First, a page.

On Aug 22, 2007, at 6:38 PM, Michal Taurich wrote:
I did it in my script with
checking "lsof" if the file is used or not. Isn't there any other
in launchd or Lingon ?
Unfortunately, there are no facilities in the OS for knowing whether
a file is open or not.
popen of lsof will work, assuming you use the output format specifiers
to prevent it from changing output format on you, or simply look at
the found/not fond return value.
The point of forcing you to write wrappers around standard tools
instead of doing what the tool does is to ensure you that when the
system is updated, you are guaranteed that the tools are updated at
the same time that the kernel and other system components are updated,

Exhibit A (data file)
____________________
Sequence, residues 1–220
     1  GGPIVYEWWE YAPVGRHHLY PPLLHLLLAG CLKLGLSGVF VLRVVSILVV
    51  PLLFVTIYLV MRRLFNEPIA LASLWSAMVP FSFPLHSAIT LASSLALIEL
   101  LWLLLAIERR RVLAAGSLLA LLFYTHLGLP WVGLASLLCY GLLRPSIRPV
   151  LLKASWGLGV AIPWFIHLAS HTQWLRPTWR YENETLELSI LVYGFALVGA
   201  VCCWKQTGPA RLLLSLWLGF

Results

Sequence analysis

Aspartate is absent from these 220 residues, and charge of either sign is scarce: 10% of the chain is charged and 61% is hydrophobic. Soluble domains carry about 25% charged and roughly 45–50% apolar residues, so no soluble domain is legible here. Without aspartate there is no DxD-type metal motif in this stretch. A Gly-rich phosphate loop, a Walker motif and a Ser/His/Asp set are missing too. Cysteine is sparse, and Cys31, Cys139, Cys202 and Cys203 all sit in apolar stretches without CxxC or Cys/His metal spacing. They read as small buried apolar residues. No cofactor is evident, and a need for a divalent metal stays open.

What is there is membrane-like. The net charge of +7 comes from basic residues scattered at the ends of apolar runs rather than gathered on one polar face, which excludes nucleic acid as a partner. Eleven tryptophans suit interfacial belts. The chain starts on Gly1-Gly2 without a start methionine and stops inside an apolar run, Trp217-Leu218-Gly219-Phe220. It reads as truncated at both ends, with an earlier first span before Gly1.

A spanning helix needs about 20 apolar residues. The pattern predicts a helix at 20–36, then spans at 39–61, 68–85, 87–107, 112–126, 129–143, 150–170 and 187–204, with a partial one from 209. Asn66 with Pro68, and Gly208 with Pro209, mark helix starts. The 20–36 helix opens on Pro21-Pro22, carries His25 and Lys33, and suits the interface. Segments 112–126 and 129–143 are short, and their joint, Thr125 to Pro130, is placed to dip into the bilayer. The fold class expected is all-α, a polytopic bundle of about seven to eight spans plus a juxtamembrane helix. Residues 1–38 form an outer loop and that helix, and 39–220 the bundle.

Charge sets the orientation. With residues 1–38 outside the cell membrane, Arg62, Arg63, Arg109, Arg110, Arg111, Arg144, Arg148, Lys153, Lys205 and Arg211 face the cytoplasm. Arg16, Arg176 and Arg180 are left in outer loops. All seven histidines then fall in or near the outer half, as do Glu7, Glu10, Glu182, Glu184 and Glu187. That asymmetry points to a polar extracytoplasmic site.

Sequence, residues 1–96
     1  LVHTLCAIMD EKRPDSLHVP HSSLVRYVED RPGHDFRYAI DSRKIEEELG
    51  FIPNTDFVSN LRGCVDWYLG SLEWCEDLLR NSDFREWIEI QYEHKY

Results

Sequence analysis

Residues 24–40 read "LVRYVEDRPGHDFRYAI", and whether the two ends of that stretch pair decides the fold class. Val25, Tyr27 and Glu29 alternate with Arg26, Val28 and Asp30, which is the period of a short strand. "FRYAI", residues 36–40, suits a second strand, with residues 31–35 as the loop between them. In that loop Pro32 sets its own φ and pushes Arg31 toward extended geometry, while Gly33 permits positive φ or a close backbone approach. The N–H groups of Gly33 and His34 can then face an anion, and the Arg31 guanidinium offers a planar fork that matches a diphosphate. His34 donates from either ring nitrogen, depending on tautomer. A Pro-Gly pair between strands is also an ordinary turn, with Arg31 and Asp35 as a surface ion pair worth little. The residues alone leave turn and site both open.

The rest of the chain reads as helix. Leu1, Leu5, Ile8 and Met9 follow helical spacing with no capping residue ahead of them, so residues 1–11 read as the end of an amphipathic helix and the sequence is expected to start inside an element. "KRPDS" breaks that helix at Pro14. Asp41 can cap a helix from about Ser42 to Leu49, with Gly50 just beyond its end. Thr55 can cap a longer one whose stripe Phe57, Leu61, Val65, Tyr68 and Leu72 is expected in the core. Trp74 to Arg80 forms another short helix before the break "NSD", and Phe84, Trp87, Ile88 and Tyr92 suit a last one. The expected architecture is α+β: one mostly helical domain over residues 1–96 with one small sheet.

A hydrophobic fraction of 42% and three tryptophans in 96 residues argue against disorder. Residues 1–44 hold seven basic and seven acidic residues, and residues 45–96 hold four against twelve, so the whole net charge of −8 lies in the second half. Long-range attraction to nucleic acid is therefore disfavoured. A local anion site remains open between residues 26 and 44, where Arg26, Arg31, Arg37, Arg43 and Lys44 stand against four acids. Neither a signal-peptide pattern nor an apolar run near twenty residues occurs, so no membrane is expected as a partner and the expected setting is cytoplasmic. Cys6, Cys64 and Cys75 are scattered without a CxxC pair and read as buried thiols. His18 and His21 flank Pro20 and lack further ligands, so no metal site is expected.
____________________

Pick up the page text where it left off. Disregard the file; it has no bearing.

so your code will continue working, even if we change the system
interface used by the tool.
For example, here's a function that takes a pid and returns the
resident set size of a process (limited to 32 bits because I
implemented it quickly) or < 0 on error:
/* NB: returns signed int; not suitable for processes with > 2TB RSS */
This function will remain operational so long as ps remains
operational, and the standards do not change, despite software updates.
Of course, you could also write a kauth kext and keep track of this
information yourself, too.
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